Thank goodness there's at least one kid who will let me photograph him. It seems that all the other kiddos run, or turn away from me when they see the camera in my hand.
Let's hope Rhodes doesn't catch on to too quickly to that idea! I'm sure it's all downhill once he discovers how fast he can get away from me. :-)
And with very, very beginner photography becoming a creative outlet for me, I like the fact that Little Man will sit there long enough to let me adjust all the buttons on my camera and lens in order snap off a few pics....it's the only way I'll learn and grow, of course.
And yes. I did get a new camera. But let me say I worked very hard to raise the money to buy it. And the little bit left over I didn't raise was my mother's day present. :-) I also had to reduce the size of my lens collection, but I'm very happy with my decisions. I upgraded from a Canon Rebel XSI to a Canon 50D. I got all I could out of my Rebel but so glad I started out with it as it was the perfect camera for me to begin with.
But I was ready for a little more challenge.
With that being said, I thought I share a few thoughts on photography. Every once in a while I get very kind comments or questions about my photos. THANK YOU if you have been one of those kind commenters!
So a couple of years ago I bought my first DSLR. Then I realized there was a WHOLE lot more to it than just turning it on auto and snapping away. I mean, auto was great and all, but I wanted to get everything I could out of my camera. I wanted to control my camera, not it control me (or itself).
So what I did was take ONE aspect of my camera at a time and learn it backwards and forwards. And only concentrate on that aspect until I truly grasped what it meant and how it was supposed to be used.
I started by turning my camera on manual and experimenting with the relationship between shutter speed and aperture.
A wide aperture is a low f-stop number but makes for the fuzzy backgrounds. A small aperture is a high f-stop number but allows more of the foreground and background to be in focus.
Shutter speed how long the camera's sensor stays open to capture the image.
I think the second aspect I took on was ISO. What's the difference between a high ISO and low ISO? When should I use a higher or lower ISO? (answer: high ISO in low light conditions and vice versa)
The next part of my camera that I focused on was the meter and how to read it. The meter is located on my LCD screen as well as through my viewfinder. I read blogs and played around with my camera until I really understood how to read it.
Then I took on white balance! And even custom white balance. Indoor shots can sometimes have an orange cast - and knowing white balance can help correct that!
Then I learned about focus points, focus modes, and metering modes. I like spot metering! I read my manual and played with my camera until I learned each of those areas!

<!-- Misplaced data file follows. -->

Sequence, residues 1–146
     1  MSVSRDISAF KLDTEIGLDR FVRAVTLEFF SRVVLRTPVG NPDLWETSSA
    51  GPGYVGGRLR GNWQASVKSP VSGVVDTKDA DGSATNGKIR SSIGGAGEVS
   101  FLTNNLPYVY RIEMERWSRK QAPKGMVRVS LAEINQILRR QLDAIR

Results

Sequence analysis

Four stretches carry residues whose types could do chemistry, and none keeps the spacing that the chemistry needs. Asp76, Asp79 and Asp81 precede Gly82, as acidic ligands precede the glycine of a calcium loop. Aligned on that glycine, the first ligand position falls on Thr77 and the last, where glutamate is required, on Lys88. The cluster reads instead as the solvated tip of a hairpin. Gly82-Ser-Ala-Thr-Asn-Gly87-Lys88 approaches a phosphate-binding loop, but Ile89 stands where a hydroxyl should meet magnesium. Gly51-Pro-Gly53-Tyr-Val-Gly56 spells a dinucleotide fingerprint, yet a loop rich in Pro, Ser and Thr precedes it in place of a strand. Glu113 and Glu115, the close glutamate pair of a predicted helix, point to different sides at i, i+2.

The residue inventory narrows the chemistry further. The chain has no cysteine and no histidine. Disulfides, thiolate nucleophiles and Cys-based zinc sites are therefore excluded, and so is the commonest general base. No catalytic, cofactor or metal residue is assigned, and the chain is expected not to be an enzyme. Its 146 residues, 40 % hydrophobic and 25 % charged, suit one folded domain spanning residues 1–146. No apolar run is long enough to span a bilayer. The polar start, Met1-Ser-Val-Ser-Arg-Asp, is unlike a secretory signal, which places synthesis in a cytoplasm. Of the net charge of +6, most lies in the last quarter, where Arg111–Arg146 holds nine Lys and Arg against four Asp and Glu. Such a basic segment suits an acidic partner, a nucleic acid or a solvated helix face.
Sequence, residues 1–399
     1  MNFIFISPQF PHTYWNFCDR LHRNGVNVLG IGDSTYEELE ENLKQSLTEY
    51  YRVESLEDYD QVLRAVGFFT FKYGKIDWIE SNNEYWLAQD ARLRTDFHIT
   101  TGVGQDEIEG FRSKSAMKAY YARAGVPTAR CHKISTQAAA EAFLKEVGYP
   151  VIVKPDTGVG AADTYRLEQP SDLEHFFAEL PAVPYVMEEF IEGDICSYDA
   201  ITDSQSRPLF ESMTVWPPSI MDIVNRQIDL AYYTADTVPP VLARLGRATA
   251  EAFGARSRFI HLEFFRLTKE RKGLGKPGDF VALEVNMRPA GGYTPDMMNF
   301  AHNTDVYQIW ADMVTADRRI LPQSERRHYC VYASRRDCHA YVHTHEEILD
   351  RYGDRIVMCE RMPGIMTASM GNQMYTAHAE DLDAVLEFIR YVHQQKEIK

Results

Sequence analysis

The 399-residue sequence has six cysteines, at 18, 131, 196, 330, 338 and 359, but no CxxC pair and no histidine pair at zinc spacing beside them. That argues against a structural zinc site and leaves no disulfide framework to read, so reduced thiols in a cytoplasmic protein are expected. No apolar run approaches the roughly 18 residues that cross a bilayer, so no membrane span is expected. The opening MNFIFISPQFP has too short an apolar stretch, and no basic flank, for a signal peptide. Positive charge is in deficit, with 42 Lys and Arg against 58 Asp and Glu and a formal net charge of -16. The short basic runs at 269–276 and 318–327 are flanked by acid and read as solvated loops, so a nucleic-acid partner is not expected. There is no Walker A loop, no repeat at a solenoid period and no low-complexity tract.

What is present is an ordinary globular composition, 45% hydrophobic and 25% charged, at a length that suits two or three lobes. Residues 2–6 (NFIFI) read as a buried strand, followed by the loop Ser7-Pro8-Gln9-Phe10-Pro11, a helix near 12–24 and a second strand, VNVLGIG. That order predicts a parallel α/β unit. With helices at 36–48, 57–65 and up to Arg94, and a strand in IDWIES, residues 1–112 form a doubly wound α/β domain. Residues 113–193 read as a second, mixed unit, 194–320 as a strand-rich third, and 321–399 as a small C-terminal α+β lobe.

The hard part is putting it all together for the perfectly exposed photograph! Of course that's rather relative - because every person can have a different style and taste. It's still tough for me (putting it all together) but I'm not giving up yet!
Last but not least, Photoshop. Yes, it can be quite fun to play around in it with my pics! But you can't "fix" a bad photo. I just try and enhance them a little! :-) Sometimes I overdo it, sometimes I don't even touch a picture.
One of my favorite photography blogs is http://digital-photography-school.com. I find many of their posts very helpful and they also point you to other places/sites that you may be able to learn from.
So there it is. A short version of how I got started. I feel as though there is so much more to learn and I look forward to it!
I've really enjoyed this new little hobby of mine (though I loved it in high school too when I took the class - but it definitely wasn't digital). It challenges me creatively and I have the perfect little subjects running circles around me every day! :-)
If you have any other questions (not that I'm at all qualified to answer them), I give it a shot and try and give them my best thoughts!
Thanks for the tips, Lindsay! I am slowly learning, but have a long way to go. I think I need to work on white balance soon to get rid of my orange indoor pictures...I'm going to check out the blog you mentioned. Congrats on the new camera!ReplyDelete
Your babies are absolutely beautiful. Honestly...all four of them are just such cute kids!!ReplyDelete
Thanks for the tips...I've been a lurker drooling over the cuteness... :)
I just recently upgraded my dSLR too! I love love love using it and learning all about the different things you can do.ReplyDelete
You take amazing pics! (Having adorable babies to model for you doesn't hurt ;)
Hey! I found your blog through a mutual friend, Tarver, and I'm so glad I did! I enjoy reading it and I would love to learn more about photography.ReplyDelete
I have a Digital SLR (Canon Rebel XT), and I've just started experimenting in manual mode with Aperture and Shutter Speed. But I can't make it work. My camera, even in manual mode, still wants me to try to get towards "zero" on what I think it the meter?
I'm just using the lens that came with it for now, but I think a different lens would help. Do you have recommendations for lens that would allow me more control over the manual mode stuff. Tarver said I may need one with a lower F-value, at least I think that's what she said, but then we had induled in wine, so who knows. Any advice for a very beginner?